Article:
We continue with our study of random walks on finite graphs via linear algebra. Let be a graph on possibly with loops and/or multiple edges. As in Lecture 4, let denote the probability that simple random walk on starting from vertex is located at vertex at time In this Lecture, we will use the linear algebra setup from Lecture 4 to analyze the asymptotic behavior of the probability which corresponds to the “long time behavior” of simple random walk on
The linear algebraic setup is as follows. Let be a Hilbert space with orthonormal basis indexed by the vertices of In the language of quantum mechanics, by replacing the vertex set of with the Hilbert space we allow ourselves to consider not just vertices, but “superpositions” of vertices. Recall from Lecture 4 that the transition operator for simple random walk on is defined by its action on the vertex basis as
where is the number of edges of incident to both and , and is the total number of edges incident to In Lecture 4, we showed that
so that understanding the asymptotics of the probability is equivalent to understanding the asymptotics of the scalar product We would like to accomplish this via spectral analysis of
We adopt the same assumptions as in Lecture 4: is a connected graph on and so that in particular every vertex has strictly positive degree. Under this assumption, we showed previously that, although need not be selfadjoint, or even normal, the “symmetrize” transition operator is selfadjoint, with being the operator that acts diagonally in the vertex basis according to
We may thus invoke the spectral theorem to assert that
are the distinct eigenvalues of the selfadjoint operator with the orthogonal projection of onto the -eigenspace. Because the ‘s are orthogonal projections, we have
so that for the th power of the transition operator we have the decomposition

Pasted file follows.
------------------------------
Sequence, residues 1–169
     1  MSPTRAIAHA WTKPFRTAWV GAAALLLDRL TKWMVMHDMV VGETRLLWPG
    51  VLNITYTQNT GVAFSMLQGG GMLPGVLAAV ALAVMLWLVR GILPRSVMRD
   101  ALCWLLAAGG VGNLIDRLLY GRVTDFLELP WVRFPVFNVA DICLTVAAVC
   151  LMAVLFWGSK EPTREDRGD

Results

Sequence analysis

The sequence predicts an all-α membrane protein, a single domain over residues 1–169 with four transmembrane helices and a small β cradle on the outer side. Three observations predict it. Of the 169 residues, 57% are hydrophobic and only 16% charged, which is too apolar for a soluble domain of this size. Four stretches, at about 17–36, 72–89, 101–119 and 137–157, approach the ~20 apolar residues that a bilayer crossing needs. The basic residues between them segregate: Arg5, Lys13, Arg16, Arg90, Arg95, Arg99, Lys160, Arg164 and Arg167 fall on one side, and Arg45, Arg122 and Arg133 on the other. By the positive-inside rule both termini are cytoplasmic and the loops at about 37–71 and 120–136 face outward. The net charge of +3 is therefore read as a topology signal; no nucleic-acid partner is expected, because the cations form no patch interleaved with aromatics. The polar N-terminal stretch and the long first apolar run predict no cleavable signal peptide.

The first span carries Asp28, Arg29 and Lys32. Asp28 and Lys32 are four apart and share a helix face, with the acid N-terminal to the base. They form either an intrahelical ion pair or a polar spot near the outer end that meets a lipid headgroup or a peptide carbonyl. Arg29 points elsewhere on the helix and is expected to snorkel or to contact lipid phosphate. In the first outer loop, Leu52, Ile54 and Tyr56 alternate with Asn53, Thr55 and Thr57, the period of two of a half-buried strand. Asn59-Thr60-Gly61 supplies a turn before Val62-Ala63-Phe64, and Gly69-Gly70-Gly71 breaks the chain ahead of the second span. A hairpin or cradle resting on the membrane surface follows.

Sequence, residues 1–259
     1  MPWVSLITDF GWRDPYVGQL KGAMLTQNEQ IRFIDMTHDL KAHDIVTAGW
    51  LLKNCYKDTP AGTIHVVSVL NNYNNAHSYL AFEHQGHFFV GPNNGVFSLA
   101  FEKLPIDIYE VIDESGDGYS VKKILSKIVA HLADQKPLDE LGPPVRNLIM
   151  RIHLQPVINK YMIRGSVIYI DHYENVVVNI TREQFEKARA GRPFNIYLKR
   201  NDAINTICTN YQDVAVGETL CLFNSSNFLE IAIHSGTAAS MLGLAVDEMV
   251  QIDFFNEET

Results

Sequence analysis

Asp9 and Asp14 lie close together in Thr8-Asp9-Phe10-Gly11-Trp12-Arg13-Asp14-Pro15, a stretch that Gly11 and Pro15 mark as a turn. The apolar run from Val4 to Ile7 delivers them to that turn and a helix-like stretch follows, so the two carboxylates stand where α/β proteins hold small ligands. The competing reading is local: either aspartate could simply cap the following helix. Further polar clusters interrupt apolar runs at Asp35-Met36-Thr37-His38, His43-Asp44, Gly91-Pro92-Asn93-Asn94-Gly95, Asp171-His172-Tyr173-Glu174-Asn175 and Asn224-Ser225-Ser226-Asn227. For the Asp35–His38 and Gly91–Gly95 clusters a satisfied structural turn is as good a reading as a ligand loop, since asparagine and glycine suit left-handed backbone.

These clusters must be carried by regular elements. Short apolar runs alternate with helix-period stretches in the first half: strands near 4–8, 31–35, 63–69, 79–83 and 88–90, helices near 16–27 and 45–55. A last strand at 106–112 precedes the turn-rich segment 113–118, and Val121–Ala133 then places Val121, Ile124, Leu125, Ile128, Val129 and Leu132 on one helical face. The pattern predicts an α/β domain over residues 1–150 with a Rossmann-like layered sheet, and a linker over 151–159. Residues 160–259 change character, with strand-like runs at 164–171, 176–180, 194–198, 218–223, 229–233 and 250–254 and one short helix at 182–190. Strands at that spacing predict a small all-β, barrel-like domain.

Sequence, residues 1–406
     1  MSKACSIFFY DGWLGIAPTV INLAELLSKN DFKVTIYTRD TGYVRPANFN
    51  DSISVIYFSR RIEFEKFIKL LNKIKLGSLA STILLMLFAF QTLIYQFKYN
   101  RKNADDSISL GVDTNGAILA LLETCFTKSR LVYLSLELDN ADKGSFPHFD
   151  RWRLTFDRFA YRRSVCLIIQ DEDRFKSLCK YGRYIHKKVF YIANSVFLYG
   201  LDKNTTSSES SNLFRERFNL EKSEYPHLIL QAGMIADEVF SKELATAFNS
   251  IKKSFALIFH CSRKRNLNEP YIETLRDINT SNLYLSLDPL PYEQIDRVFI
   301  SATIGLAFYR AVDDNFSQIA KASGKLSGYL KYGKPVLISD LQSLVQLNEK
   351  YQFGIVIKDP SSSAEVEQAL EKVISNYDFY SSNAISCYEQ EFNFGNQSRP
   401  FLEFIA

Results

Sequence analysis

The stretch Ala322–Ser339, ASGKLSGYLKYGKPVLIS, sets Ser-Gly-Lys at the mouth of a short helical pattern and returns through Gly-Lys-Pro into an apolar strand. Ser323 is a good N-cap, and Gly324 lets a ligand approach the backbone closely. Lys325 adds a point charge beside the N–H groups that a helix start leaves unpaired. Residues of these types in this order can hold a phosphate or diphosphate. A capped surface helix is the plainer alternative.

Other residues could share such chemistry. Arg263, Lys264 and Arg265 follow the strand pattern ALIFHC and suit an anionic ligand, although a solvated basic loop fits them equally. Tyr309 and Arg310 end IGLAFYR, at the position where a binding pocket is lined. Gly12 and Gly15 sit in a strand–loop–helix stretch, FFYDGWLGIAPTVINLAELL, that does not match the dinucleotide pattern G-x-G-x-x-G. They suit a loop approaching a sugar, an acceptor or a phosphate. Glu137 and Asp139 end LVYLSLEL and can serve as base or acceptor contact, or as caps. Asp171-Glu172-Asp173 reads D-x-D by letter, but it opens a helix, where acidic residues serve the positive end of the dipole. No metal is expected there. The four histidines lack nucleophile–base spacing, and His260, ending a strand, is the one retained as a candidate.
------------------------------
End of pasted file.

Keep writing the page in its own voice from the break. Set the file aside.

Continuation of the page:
So far everything we have said is valid for an arbitrary operator in whose orbit under the conjugation action of contains a selfadjoint operator. To go further we naturally have to reference some of the particular features of the transition operator
Theorem 1: The largest eigenvalue of is
Proof: Let be the -norm on corresponding to the basis , i.e.
We claim that has norm at most in the corresponding operator norm on , i.e.
Indeed, we have
and the terminal double sum is exactly since
It follows that any eigenvalue of has modulus at most
Now we exhibit an eigenvector of with eigenvalue . Consider the vector
is the sum of the degrees of all vertices of which is equal to twice the number of edges in less the number of loops. We then have
The eigenvector above is called the stationary vector for simple random walk on and it encodes the probability measure on the vertices of which assigns mass to vertex Note that, if is a simple graph with constant vertex degree equal to , which is always the case for Cayley graphs corresponding to a symmetric generating set, then the stationary vector
corresponds to uniform probability measure on
It is important to note that Theorem 1 does not preclude the possibility that the smallest eigenvalue of the transition operator could also have maximum modulus — it could well be that However, this can only be the case if is bipartite (perhaps I should fill in a proof of this later, but if I don’t you can find one in any text on spectral graph theory). Therefore, we have the following.
Corollary 1: If is not bipartite, then
where is any norm on
Proof: Let be an arbitrary norm on (indeed, since is finite-dimensional, all norms are equivalent). Then for any we have that
by the triangle inequality. But since and for the statement follows from the squeeze theorem.
At this point we can finally say something about the probability that simple random walk on starting at arrives at at time for a connected non-bipartite graph on vertices, the limit
exists. Note that the role of bipartiteness here is quite clear from a combinatorial perspective: if is bipartite, then with probability one simple random walk started at is located in the color class of at even times, and in the opposite color class at odd times, so that the above limit obviously does not exist.
Continuing on under the assumption that is not-bipartite, let us define a vector by
which encodes the limit distribution of simple random walk on started at
Theorem 2: For any the limit vector is an eigenvector of with eigenvalue
Proof: We have
Theorem (Markov limit theorem): For a connected non-bipartite graph on we have
Proof: The statement follows if we can show that is a simple eigenvalue of , i.e. that the -eigenspace is a line. Indeed, all the vectors as well as have nonnegative coordinates summing to relative to the vertex basis, so if any of these is a scalar multiple of another then the scalar in question must be